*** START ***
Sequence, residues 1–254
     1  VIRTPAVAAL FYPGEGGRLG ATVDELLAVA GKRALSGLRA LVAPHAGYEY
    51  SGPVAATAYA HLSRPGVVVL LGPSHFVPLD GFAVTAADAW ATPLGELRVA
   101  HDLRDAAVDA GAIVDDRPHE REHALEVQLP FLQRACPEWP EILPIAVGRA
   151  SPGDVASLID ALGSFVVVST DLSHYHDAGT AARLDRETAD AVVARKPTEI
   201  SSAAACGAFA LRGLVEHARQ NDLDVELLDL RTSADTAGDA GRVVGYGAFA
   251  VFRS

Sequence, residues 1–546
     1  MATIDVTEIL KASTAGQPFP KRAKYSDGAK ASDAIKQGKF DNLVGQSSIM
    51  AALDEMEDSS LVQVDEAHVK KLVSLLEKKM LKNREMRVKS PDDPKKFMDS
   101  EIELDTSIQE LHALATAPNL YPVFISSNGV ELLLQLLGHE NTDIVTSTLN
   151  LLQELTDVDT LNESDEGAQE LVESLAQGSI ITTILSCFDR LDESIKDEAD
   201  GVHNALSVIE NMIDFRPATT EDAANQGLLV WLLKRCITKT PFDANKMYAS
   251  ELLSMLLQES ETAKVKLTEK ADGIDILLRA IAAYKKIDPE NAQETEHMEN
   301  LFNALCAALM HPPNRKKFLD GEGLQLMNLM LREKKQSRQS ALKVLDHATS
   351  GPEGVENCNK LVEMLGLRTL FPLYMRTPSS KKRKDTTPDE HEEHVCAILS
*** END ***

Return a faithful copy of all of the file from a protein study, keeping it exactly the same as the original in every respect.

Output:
Sequence, residues 1–254
     1  VIRTPAVAAL FYPGEGGRLG ATVDELLAVA GKRALSGLRA LVAPHAGYEY
    51  SGPVAATAYA HLSRPGVVVL LGPSHFVPLD GFAVTAADAW ATPLGELRVA
   101  HDLRDAAVDA GAIVDDRPHE REHALEVQLP FLQRACPEWP EILPIAVGRA
   151  SPGDVASLID ALGSFVVVST DLSHYHDAGT AARLDRETAD AVVARKPTEI
   201  SSAAACGAFA LRGLVEHARQ NDLDVELLDL RTSADTAGDA GRVVGYGAFA
   251  VFRS

Sequence, residues 1–546
     1  MATIDVTEIL KASTAGQPFP KRAKYSDGAK ASDAIKQGKF DNLVGQSSIM
    51  AALDEMEDSS LVQVDEAHVK KLVSLLEKKM LKNREMRVKS PDDPKKFMDS
   101  EIELDTSIQE LHALATAPNL YPVFISSNGV ELLLQLLGHE NTDIVTSTLN
   151  LLQELTDVDT LNESDEGAQE LVESLAQGSI ITTILSCFDR LDESIKDEAD
   201  GVHNALSVIE NMIDFRPATT EDAANQGLLV WLLKRCITKT PFDANKMYAS
   251  ELLSMLLQES ETAKVKLTEK ADGIDILLRA IAAYKKIDPE NAQETEHMEN
   301  LFNALCAALM HPPNRKKFLD GEGLQLMNLM LREKKQSRQS ALKVLDHATS
   351  GPEGVENCNK LVEMLGLRTL FPLYMRTPSS KKRKDTTPDE HEEHVCAILS